Defining Actors and messages

Messages can be of arbitrary type (any subtype of Any). You can send boxed primitive values (such as String, Integer, Boolean etc.) as messages as well as plain data structures like arrays and collection types. Case classes and case objects make excellent messages since they are immutable and have support for pattern matching, something we will take advantage of in the Actor when matching on the messages it has received.

Hello World Actors use three different messages:

  • WhoToGreet: recipient of the greeting
  • Greet: instruction to execute greeting
  • Greeting: message containing the greeting

When defining Actors and their messages, keep these recommendations in mind:

  • Since messages are the Actor’s public API, it is a good practice to define messages with good names and rich semantic and domain specific meaning, even if they just wrap your data type. This will make it easier to use, understand and debug actor-based systems.

  • Messages should be immutable, since they are shared between different threads.

  • It is a good practice to put an actor’s associated messages in its companion object. This makes it easier to understand what type of messages the actor expects and handles.

  • It is also a common pattern to use a props method in the companion object that describes how to construct the Actor.

Lets see how the companion objects and Actor implementations for Greeter and Printer demonstrate these best practices.

The Greeter Actor companion object

The following code snippet in the AkkaQuickstart.scala file for the companion object defines the messages handled by the Greeter Actor:

object Greeter {
  final case class WhoToGreet(who: String)
  case object Greet
}

The following snippet defines the props method.

object Greeter {
  def props(message: String, printerActor: ActorRef): Props = Props(new Greeter(message, printerActor))
  final case class WhoToGreet(who: String)
  case object Greet
}

The props method creates and returns a Props instance. Props is a configuration class to specify options for the creation of actors, think of it as an immutable and thus freely shareable recipe for creating an actor that can include associated deployment information. This example simply passes the parameters that the Actor requires when being constructed. We will see the props method in action later in this tutorial.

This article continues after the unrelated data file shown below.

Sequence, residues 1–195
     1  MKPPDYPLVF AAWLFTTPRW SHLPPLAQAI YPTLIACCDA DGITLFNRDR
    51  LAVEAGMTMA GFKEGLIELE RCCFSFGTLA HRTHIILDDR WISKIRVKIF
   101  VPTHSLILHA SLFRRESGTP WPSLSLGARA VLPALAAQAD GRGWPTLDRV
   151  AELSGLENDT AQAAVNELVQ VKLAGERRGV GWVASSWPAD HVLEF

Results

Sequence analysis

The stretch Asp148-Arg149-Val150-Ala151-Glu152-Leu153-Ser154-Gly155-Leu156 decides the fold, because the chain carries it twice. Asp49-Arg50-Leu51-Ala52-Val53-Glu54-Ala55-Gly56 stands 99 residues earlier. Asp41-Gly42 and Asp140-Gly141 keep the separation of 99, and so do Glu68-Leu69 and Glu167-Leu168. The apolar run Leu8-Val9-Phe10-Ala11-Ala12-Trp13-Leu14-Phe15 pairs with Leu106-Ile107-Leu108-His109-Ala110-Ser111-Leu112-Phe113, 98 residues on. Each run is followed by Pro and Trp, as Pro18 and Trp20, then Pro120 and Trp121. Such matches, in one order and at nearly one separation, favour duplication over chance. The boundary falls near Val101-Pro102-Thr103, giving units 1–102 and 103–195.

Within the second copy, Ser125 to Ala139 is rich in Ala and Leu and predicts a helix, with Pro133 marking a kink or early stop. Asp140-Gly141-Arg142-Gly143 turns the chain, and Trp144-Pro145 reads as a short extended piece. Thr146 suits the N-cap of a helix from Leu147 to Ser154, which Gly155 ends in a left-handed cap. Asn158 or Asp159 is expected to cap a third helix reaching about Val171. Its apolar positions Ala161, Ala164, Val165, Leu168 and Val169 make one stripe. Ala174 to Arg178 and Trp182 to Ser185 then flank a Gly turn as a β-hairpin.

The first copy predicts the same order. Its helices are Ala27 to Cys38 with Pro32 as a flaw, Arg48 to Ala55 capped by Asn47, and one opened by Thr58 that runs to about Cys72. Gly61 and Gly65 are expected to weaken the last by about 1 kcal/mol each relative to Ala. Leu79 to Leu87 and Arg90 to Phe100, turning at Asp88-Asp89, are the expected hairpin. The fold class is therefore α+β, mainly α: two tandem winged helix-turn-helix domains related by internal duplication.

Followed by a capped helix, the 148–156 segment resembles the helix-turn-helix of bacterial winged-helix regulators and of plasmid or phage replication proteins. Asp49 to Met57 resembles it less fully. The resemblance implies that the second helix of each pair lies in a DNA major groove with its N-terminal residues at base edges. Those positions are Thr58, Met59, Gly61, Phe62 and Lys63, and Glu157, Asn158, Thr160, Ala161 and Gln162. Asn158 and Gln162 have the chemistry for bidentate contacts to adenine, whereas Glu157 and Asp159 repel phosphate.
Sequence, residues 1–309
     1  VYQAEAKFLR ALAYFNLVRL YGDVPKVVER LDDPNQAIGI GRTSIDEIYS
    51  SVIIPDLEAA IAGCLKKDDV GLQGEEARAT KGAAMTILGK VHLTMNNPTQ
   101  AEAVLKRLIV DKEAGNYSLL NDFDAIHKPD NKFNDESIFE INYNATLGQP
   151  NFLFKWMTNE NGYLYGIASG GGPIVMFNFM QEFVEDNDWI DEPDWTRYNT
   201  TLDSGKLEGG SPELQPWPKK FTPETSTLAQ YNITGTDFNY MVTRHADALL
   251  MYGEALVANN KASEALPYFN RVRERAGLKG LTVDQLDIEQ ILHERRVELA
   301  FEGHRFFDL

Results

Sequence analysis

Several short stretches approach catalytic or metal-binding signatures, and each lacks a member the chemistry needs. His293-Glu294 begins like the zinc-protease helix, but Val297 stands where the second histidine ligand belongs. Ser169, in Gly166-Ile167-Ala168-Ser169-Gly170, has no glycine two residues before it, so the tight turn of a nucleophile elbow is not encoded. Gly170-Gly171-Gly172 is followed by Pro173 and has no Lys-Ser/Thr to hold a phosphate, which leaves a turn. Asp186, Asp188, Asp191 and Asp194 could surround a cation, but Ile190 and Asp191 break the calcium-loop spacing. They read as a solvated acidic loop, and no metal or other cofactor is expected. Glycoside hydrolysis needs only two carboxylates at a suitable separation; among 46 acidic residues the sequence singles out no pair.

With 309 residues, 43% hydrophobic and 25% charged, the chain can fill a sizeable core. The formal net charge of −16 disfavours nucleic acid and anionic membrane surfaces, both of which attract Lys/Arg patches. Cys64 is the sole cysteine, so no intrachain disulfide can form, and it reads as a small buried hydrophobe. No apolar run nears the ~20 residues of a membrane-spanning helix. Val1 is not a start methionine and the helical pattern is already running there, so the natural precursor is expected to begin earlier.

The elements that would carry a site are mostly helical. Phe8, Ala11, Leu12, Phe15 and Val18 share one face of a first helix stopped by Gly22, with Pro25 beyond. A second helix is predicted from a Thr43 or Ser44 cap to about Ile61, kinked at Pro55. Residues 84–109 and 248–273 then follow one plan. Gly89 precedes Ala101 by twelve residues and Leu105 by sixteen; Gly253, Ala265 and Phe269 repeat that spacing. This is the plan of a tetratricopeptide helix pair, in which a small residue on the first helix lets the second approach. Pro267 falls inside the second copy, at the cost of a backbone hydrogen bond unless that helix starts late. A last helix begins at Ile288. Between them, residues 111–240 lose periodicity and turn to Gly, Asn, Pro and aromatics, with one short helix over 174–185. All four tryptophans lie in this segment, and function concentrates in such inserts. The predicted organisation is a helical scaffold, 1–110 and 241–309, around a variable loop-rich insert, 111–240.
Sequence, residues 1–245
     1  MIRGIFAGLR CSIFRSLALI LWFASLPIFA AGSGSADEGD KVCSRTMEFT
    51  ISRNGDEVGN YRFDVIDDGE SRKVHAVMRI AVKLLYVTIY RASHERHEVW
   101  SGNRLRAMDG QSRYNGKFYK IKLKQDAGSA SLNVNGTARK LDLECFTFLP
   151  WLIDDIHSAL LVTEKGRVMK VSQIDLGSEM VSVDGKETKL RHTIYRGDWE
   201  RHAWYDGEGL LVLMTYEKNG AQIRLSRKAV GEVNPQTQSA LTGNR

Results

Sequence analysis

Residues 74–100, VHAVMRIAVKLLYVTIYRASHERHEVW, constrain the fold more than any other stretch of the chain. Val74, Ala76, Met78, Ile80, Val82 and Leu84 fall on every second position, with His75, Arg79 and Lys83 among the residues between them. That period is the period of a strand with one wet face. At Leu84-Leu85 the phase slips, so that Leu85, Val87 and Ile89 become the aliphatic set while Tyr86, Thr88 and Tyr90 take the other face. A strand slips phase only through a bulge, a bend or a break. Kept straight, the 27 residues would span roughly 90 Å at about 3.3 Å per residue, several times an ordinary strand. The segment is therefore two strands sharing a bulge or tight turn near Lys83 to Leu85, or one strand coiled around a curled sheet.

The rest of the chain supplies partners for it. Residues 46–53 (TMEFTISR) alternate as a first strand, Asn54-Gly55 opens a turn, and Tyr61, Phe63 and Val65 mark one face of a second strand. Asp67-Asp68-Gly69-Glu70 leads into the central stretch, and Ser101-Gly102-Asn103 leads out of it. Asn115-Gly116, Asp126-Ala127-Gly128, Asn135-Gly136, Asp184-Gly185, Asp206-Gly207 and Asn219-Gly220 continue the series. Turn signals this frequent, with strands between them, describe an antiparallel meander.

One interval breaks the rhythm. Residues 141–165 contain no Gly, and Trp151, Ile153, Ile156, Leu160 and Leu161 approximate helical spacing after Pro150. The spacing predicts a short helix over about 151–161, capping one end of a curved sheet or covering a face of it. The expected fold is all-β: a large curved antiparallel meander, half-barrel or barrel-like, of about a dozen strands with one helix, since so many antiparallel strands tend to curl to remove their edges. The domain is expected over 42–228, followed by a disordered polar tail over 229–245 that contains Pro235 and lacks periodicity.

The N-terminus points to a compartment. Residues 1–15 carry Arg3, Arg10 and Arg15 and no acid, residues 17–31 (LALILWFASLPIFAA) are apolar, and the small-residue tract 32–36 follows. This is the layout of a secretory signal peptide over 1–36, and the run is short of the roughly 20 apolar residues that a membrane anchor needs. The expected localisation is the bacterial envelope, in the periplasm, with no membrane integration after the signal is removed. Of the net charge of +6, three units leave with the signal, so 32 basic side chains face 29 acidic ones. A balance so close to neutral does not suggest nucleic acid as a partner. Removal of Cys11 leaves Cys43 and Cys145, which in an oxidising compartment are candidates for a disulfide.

The Greeter Actor implementation

The following snippet from the AkkaQuickstart.scala implements the Greeter Actor:

class Greeter(message: String, printerActor: ActorRef) extends Actor {
  import Greeter._
  import Printer._

  var greeting = ""

  def receive = {
    case WhoToGreet(who) =>
      greeting = s"$message, $who"
    case Greet           =>
      printerActor ! Greeting(greeting)
  }
}

Let’s break down the functionality:

  • The Greeter class extends the akka.actor.Actor trait and implements the receive method.
  • The Greeter constructor accepts two parameters: message: String, which will be used when building greeting messages and printerActor: ActorRef, which is a reference to the Actor handling the outputting of the greeting.
  • The receive method defines behavior; how the Actor should react to the different messages it receives. An Actor can have state. Accessing or mutating the internal state of an Actor is fully thread safe since it is protected by the Actor model. The receive method should handle the messages the actor expects. In the case of Greeter, it expects two types of messages: WhoToGreet and Greet. The former will update the greeting state of the Actor and the latter will trigger a sending of the greeting to the Printer Actor.
  • The greeting variable contains the Actor’s state and is set to "" by default.

Printer Actor companion object

Similar to ‘Greeter’, the companion object defines the messages handled by the Printer Actor:

object Printer {
  final case class Greeting(greeting: String)
}

And, the companion object of Printer defines a props method and the message that the Actor expects:

object Printer {
  def props: Props = Props[Printer]
  final case class Greeting(greeting: String)
}

Printer Actor implementation

The Printer implementation is very simple:

  • It extends akka.actor.ActorLogging to automatically get a reference to a logger. By doing this we can write log.info() in the Actor without any additional importing or wiring.
  • It just handles one type of message, Greeting, and logs the content of that message.
class Printer extends Actor with ActorLogging {
  import Printer._

  def receive = {
    case Greeting(greeting) =>
      log.info(s"Greeting received (from ${sender()}): $greeting")
  }
}